Water-resources activities of the U.S. Geological Survey in New Mexico, fiscal year 1992

Open-File Report 93-661

Compiled by:
Harriet R. Allen



Awareness of our environment in general, and water resources in particular, has brought increased interest in and support of hydrologic data collection and research. The quantity, quality, and distribution of water are extremely important to the future well-being of New Mexico. The State's surface-water resources are minimal and highly variable due to climate and to regulation and diversion; ground-water resources are subject to development that exceeds natural recharge and to potential contamination by land use. Issues related to global climate change, disposal of hazardous wastes, toxic substances in water, water rights, and ground-water contamination are evolving areas of greater public concern. At the same time there is a continuing need for a better understanding of various hydrologic systems and processes in order to manage these limited water resources for maximum benefit to present and future generations.

The U.S. Geological Survey has collected and disseminated information on the water resources of New Mexico for more than a century. The Survey began to collect records of streamflow in New Mexico in December 1888 when the first discharge measurements were made on the Rio Grande near the present gaging station at Embudo. This site, called the "birthplace of systematic stream gaging," was chosen to be the training center for the first hydrographers of the Irrigation Survey, a bureau within the original Geological Survey. Since that time, in cooperation with Federal, State, local, and tribal agencies, we have monitored streams at hundreds of sites throughout the State and have a current network of more than 200 streamflow-gaging stations. Through the Cooperative Program, we also have established sites where ground-water levels are monitored to document changes in ground-water storage or where surface-water and groundwater samples are collected to determine water chemistry, and we have undertaken investigative studies to define the availability, quality, and distribution of water resources. Information from the data program and results of investigative studies are made available to water-resources managers, regulators, and the public to be used for the effective management of the State's water resources.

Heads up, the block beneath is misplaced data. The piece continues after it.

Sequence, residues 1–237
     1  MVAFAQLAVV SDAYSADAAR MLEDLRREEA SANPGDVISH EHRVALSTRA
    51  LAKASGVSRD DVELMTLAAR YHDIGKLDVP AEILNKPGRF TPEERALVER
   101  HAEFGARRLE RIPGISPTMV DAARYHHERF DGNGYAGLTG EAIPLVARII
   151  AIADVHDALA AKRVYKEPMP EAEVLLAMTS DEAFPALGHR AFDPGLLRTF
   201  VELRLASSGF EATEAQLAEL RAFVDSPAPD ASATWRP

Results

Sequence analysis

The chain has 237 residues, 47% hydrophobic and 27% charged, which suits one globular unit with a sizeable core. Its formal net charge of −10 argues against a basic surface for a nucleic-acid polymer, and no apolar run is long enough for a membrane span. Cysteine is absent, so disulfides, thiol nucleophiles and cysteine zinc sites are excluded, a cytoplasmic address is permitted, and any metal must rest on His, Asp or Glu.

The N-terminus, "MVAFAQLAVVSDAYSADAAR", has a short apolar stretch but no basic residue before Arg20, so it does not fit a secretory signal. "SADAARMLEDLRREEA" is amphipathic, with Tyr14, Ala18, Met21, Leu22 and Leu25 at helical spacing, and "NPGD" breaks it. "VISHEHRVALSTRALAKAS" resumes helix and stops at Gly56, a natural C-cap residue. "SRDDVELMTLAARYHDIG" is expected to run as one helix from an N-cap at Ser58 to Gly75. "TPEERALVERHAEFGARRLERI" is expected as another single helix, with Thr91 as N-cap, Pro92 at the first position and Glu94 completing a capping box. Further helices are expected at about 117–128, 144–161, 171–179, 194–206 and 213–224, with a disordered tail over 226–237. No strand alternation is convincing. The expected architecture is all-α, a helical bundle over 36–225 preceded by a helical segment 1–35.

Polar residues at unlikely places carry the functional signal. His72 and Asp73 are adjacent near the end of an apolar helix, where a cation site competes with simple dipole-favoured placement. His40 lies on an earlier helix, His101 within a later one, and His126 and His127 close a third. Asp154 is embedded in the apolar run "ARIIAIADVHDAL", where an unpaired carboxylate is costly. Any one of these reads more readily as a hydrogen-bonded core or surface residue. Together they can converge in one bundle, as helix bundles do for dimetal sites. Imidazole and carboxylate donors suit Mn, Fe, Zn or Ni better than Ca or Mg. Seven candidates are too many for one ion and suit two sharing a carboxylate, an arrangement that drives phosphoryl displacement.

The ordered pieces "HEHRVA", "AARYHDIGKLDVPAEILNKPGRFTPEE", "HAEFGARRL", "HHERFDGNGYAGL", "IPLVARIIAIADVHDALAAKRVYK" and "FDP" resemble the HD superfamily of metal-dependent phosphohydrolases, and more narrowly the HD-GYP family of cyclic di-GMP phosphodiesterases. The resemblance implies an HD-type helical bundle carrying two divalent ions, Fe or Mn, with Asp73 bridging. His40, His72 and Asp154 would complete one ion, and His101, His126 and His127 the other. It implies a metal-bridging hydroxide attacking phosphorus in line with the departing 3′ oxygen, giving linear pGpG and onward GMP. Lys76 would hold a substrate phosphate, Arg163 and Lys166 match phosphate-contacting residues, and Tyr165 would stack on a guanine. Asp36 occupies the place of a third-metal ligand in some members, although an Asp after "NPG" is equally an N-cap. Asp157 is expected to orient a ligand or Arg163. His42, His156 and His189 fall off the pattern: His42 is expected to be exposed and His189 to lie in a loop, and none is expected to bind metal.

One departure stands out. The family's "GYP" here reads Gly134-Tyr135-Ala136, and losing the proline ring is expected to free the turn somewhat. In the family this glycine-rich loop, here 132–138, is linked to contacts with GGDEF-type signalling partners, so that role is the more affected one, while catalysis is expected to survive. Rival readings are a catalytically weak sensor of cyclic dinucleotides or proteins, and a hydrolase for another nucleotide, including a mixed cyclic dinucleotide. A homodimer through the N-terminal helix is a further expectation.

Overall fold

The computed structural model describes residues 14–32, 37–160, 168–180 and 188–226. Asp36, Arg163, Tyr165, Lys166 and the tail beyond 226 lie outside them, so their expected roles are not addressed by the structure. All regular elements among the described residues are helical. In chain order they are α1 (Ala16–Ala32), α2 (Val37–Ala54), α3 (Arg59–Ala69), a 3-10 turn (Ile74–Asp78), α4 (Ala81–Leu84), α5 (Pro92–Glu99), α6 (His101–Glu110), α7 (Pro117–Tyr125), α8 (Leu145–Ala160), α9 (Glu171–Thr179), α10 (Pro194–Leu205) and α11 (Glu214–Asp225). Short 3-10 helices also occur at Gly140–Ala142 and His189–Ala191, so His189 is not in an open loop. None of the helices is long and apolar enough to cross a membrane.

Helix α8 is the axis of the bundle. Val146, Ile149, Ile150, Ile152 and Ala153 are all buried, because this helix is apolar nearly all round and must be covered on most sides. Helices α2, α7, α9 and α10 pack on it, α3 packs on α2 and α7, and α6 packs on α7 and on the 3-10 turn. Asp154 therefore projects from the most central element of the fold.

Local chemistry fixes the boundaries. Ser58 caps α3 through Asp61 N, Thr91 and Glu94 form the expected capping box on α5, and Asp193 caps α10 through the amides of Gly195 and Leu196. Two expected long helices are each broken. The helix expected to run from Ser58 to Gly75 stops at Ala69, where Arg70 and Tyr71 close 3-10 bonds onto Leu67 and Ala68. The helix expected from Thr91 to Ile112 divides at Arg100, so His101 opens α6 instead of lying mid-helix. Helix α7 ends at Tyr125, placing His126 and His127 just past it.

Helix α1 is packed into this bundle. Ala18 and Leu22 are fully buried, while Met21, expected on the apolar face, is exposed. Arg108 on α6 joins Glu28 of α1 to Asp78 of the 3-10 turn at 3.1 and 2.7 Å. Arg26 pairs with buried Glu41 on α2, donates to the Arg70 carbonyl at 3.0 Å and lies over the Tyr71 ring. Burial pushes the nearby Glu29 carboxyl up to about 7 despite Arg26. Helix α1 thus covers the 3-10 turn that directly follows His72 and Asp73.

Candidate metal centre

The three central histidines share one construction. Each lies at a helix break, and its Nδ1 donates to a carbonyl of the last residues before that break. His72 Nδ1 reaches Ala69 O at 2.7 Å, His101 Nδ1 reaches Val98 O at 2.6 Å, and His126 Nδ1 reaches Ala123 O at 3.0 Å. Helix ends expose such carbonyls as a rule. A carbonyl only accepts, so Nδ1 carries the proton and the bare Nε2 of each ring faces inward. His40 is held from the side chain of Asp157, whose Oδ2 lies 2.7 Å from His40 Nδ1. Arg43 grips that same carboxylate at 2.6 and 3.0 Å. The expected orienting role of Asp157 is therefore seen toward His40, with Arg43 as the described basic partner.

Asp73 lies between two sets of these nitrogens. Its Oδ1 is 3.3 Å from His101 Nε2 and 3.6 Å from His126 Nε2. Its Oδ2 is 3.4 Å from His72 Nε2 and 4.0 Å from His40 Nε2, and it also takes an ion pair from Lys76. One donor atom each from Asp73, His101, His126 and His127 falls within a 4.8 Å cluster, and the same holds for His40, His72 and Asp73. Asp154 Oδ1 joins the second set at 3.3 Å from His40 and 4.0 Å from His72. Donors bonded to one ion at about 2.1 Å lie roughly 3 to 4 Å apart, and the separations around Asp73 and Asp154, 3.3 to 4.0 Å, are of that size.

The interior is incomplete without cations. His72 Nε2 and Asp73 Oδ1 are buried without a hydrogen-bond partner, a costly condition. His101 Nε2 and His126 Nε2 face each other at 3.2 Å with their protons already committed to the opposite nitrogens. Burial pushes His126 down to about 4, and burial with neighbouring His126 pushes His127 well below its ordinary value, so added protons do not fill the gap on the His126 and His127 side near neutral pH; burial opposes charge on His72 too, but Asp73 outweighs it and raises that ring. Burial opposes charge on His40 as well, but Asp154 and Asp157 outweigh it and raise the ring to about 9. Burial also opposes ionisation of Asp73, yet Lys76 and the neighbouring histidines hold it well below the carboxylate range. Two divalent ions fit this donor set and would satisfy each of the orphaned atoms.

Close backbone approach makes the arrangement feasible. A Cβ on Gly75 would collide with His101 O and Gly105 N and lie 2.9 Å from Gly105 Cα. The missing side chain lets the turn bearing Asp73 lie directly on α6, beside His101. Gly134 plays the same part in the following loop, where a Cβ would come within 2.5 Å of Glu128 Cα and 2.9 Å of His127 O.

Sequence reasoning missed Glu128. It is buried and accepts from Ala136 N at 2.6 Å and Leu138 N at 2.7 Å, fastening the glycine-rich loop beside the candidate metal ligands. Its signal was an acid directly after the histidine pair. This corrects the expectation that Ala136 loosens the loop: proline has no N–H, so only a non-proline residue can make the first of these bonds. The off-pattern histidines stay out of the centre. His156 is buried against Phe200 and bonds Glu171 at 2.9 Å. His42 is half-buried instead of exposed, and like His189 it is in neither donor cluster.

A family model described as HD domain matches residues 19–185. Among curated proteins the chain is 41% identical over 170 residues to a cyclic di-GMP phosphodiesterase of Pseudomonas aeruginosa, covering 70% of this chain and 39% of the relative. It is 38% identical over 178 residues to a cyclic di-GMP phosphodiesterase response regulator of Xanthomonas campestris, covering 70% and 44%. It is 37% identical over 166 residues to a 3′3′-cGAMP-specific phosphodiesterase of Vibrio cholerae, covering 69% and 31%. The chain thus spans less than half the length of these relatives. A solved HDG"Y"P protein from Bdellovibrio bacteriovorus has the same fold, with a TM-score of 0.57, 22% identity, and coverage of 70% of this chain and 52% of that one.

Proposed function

This report provides a brief summary of the activities of the New Mexico District for FY (fiscal year) 1992, including our mission, organization, sources of funding, and descriptions of current projects. This report serves to document not only the content of the program, but also the diversity and complexity of that program. Cooperation among water-resources agencies will be essential in effectively dealing with water-related issues facing New Mexico. We look forward to the challenge of addressing these issues by continuing to provide factual hydrologic data and technically sound areal appraisals and interpretive studies.

Study Area

Additional publication details

Publication type:
Publication Subtype:
USGS Numbered Series
Water-resources activities of the U.S. Geological Survey in New Mexico, fiscal year 1992
Series title:
Open-File Report
Series number:
Year Published:
U.S. Geological Survey
Publisher location:
Albuquerque, NM
vi, 75 p.
United States
New Mexico